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Please note: As of January 20, 2017, information in some news releases may be out of date or not reflect current policies.

MSHA News Release: [09/25/2012]
Contact Name: Amy Louviere
Phone Number: (202) 693-9423
Release Number: 12-1957-NAT

MSHA announces results of August impact inspections

Kentucky coal mine undergoes 10th targeted inspection, served with judgment by default

ARLINGTON, Va. — The U.S. Department of Labor's Mine Safety and Health Administration today announced that federal inspectors issued 255 citations, 13 orders and two safeguards during special impact inspections conducted at 11 coal mines and four metal/nonmetal mines last month.

The monthly inspections, which began in force in April 2010 following the explosion at the Upper Big Branch Mine, involve mines that merit increased agency attention and enforcement due to their poor compliance history or particular compliance concerns, including high numbers of violations or closure orders; frequent hazard complaints or hotline calls; plan compliance issues; inadequate workplace examinations; a high number of accidents, injuries or illnesses; fatalities; and adverse conditions such as increased methane liberation, faulty roof conditions and inadequate ventilation.

As an example from last month, an impact inspection was conducted on Aug. 8 at D & C Mining Corp. in Harlan County, Ky. MSHA personnel captured and monitored the communication systems to prevent advance notification of the inspection. They issued five 104(d)(2) unwarrantable failure orders, one 104(b) withdrawal order and 10 citations, six of which were deemed significant and substantial.

The 104(d)(2) orders were issued for an improperly conducted pre-shift examination, an accumulation of combustible materials, a failure to comply with mine emergency evacuation training and drills, a failure on the part of the section foreman and another miner to wear a self-contained self-rescuer device, and a failure by the section foreman to perform the required daily calibration test of multi-gas detectors.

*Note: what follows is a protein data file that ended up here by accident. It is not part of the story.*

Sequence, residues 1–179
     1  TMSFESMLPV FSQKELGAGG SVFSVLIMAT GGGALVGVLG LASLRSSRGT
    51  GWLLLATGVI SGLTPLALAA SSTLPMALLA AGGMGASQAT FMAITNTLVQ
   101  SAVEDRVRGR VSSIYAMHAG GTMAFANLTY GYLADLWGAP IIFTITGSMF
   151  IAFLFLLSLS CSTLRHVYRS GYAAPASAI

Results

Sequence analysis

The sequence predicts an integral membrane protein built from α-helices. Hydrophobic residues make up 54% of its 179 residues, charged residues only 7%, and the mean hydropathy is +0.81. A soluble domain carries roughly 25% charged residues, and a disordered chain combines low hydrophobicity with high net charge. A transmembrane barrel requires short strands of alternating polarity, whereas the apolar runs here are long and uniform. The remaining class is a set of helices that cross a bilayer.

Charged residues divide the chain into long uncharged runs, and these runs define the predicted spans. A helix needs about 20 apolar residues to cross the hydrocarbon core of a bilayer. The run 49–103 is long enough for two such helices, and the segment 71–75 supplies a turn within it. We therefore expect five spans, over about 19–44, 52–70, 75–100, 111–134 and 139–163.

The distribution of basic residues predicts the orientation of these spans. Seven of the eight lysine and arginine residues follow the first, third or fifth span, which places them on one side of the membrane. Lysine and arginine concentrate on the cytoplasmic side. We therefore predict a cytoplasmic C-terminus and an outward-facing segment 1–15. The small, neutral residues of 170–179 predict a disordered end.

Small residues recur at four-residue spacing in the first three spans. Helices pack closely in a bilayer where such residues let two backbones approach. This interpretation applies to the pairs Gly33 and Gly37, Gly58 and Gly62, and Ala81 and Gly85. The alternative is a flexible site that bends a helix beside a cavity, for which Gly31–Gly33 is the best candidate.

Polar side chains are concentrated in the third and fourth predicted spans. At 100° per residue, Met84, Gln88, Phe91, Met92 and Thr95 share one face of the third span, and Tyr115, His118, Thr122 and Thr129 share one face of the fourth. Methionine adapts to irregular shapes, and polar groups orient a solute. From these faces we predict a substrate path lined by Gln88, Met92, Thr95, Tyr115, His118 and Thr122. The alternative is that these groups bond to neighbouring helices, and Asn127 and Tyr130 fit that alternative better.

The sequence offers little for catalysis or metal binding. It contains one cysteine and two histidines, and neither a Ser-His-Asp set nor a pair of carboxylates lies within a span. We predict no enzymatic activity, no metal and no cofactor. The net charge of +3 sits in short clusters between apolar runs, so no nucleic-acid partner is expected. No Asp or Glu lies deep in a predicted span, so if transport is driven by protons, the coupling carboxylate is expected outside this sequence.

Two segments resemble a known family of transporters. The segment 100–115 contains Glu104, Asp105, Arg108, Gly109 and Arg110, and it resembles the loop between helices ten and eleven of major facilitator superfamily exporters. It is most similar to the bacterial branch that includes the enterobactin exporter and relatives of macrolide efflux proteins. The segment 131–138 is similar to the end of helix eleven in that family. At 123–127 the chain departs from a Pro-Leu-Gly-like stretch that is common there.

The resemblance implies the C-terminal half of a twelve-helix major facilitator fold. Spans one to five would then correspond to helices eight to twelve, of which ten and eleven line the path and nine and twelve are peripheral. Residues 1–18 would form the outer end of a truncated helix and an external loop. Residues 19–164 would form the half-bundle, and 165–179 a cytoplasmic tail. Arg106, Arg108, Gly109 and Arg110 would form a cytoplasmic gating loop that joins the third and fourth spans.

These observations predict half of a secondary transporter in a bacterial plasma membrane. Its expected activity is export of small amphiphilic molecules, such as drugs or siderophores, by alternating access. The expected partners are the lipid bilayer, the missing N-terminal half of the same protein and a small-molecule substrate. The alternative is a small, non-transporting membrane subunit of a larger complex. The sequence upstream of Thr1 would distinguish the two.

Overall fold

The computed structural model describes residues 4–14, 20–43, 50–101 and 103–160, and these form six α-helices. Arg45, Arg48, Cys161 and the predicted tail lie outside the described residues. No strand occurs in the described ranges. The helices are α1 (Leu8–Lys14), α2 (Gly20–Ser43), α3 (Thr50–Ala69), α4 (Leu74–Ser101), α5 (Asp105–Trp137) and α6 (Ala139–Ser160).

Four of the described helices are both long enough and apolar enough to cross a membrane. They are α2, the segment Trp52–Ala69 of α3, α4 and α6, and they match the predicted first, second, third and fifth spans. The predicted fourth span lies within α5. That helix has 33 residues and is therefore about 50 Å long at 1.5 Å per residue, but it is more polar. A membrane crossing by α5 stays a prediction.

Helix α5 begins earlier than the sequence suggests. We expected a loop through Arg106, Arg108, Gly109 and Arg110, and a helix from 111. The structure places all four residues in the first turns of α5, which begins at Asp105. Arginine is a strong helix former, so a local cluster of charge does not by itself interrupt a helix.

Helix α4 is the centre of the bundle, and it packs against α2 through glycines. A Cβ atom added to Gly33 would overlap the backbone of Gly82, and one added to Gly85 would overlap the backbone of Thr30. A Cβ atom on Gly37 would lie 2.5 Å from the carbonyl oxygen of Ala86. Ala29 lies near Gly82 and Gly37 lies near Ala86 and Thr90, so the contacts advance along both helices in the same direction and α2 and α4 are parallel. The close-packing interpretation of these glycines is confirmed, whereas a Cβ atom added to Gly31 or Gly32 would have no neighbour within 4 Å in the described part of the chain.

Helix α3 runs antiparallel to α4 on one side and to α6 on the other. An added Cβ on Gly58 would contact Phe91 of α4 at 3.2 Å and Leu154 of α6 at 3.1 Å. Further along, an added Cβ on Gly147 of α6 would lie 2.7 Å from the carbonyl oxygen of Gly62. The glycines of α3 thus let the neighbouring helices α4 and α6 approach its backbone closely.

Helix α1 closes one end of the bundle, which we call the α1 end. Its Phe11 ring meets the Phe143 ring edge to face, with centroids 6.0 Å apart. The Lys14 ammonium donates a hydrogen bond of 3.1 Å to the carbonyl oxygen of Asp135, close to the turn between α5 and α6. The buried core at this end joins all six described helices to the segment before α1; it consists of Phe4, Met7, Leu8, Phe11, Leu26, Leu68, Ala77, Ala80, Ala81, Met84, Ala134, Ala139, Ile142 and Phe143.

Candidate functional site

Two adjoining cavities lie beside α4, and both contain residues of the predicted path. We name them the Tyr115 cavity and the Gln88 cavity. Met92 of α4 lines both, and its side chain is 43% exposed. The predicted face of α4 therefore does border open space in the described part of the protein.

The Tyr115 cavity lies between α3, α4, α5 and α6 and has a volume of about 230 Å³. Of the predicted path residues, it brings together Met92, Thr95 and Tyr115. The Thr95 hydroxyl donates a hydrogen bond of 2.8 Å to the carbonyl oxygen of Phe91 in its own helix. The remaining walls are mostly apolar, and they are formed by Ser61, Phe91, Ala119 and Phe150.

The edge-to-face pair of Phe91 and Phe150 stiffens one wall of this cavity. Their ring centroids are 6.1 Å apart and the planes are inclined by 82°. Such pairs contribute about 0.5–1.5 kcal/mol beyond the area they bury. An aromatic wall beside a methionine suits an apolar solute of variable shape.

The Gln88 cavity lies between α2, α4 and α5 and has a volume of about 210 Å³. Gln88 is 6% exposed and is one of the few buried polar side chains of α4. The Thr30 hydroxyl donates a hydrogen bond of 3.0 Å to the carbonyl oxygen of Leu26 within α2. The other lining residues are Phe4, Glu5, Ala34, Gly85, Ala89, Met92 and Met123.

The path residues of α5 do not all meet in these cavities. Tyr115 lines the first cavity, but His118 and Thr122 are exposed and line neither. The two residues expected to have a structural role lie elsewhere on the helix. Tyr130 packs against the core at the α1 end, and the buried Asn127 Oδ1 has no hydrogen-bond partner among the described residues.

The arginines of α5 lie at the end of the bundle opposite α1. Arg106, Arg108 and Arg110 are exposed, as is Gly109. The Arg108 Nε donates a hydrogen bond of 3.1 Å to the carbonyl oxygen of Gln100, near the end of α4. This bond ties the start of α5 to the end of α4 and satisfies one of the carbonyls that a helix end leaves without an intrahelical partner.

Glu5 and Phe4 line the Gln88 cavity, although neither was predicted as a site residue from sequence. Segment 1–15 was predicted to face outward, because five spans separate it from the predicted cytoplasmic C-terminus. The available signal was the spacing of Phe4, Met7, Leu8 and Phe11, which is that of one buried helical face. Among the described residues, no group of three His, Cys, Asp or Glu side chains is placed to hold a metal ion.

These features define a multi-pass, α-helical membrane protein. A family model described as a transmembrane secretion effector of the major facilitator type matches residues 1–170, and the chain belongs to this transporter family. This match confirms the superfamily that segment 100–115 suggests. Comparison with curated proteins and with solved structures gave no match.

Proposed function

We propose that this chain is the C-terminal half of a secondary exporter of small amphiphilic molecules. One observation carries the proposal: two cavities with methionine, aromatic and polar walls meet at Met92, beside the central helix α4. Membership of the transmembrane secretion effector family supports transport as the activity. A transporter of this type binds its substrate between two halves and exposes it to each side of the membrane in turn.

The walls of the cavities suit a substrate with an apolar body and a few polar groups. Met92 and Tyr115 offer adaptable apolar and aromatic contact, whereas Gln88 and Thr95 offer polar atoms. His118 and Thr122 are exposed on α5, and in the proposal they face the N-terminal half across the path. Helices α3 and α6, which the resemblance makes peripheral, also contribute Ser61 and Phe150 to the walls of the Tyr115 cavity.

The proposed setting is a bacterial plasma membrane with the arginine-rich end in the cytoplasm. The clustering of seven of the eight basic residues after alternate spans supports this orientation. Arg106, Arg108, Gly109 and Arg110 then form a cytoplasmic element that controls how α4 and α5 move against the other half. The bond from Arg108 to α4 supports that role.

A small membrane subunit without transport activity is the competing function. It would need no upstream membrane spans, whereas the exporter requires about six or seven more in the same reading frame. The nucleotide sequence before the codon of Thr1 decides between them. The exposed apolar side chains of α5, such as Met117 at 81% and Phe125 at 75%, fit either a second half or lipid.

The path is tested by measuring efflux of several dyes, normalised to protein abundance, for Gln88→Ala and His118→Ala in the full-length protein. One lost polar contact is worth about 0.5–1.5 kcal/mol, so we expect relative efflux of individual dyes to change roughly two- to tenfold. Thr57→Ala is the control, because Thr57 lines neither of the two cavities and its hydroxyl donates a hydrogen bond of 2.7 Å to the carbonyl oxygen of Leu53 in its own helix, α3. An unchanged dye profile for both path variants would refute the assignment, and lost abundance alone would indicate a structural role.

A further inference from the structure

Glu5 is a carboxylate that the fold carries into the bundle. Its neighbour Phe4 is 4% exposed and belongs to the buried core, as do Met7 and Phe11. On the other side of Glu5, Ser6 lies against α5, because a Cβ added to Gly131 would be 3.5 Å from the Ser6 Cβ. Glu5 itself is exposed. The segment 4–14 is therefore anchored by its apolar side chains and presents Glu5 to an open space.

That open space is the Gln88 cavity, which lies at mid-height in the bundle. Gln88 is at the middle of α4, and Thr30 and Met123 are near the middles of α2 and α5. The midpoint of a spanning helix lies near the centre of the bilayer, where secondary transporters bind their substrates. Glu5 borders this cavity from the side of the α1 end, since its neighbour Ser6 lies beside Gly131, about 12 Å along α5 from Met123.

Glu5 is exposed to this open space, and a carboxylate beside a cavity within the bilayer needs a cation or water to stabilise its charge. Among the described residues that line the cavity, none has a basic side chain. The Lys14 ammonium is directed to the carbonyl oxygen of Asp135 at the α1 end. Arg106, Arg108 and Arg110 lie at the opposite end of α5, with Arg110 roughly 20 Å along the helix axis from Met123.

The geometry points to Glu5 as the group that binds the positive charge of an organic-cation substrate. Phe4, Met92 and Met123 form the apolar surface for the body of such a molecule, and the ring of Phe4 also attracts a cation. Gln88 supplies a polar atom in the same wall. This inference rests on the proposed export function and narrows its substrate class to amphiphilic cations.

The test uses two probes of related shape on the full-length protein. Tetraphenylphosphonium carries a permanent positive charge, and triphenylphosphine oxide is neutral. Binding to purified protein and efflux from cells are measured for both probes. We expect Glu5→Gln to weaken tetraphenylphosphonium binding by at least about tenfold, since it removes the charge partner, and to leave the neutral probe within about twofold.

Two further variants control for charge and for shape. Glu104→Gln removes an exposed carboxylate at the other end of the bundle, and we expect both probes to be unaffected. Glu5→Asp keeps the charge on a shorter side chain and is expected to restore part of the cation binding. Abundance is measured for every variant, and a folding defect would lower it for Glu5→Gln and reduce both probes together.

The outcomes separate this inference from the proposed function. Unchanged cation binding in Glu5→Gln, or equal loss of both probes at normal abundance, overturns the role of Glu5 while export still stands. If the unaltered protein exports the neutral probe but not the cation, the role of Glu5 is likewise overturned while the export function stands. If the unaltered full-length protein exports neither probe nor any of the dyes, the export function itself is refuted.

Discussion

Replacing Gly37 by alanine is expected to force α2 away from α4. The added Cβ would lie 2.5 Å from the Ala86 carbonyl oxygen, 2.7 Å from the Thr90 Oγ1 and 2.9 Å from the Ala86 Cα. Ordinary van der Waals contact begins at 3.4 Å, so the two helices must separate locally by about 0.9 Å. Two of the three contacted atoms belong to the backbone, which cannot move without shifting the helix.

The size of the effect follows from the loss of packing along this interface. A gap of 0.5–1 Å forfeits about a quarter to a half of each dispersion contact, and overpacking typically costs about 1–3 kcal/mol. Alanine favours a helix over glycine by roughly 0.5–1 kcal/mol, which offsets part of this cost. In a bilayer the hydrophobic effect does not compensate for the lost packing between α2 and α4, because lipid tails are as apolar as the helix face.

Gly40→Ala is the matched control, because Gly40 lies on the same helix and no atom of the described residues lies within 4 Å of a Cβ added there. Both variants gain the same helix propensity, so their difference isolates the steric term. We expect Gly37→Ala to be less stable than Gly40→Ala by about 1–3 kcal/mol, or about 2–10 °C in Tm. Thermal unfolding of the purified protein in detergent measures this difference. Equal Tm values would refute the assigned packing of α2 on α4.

Among the significant and substantial violations were a failure to comply with the roof control plan, an accumulation of combustible materials, damaged areas in the power cord of a battery charger and misaligned conveyer belts. This impact inspection was the mine's 10th since April 2010. Additionally, the mine received letters from MSHA notifying it of a potential pattern of violation in 2007 and 2008.

Last March, the Labor Department filed a complaint against D & C Mining in the U.S. District Court for the Eastern District of Kentucky, alleging that the company owes $1.67 million of $2.7 million assessed in civil penalties for 1,244 violations cited between Jan. 24, 2006, and Feb. 8, 2012. After D & C failed to respond to the complaint, the department filed a motion for entry of judgment by default on July 10 along with a proposed judgment.

The motion requests payment of the principal owed, penalties and interest; an order preventing D & C from "violating or failing or refusing to comply with any final orders" by failing to pay already delinquent penalties and future penalties; for D & C to post a bond to ensure the payment of future penalties; and an order that D & C keep all property in which it has an ownership interest on site at the mine and not sell or move the property.

"Sadly, D & C Mining still hasn't gotten the message," said Joseph A. Main, assistant secretary of labor for mine safety and health. "Operators who continue to ignore sound safety and health practices and fail to pay fines for assessed violations will be subject to the toughest enforcement actions allowed under the Federal Mine Safety and Health Act of 1977."

Since April 2010, MSHA has conducted 492 impact inspections and issued 8,800 citations, 865 orders and 38 safeguards.

Editor's note: A spreadsheet containing the results of impact inspections in August 2012 accompanies this news release.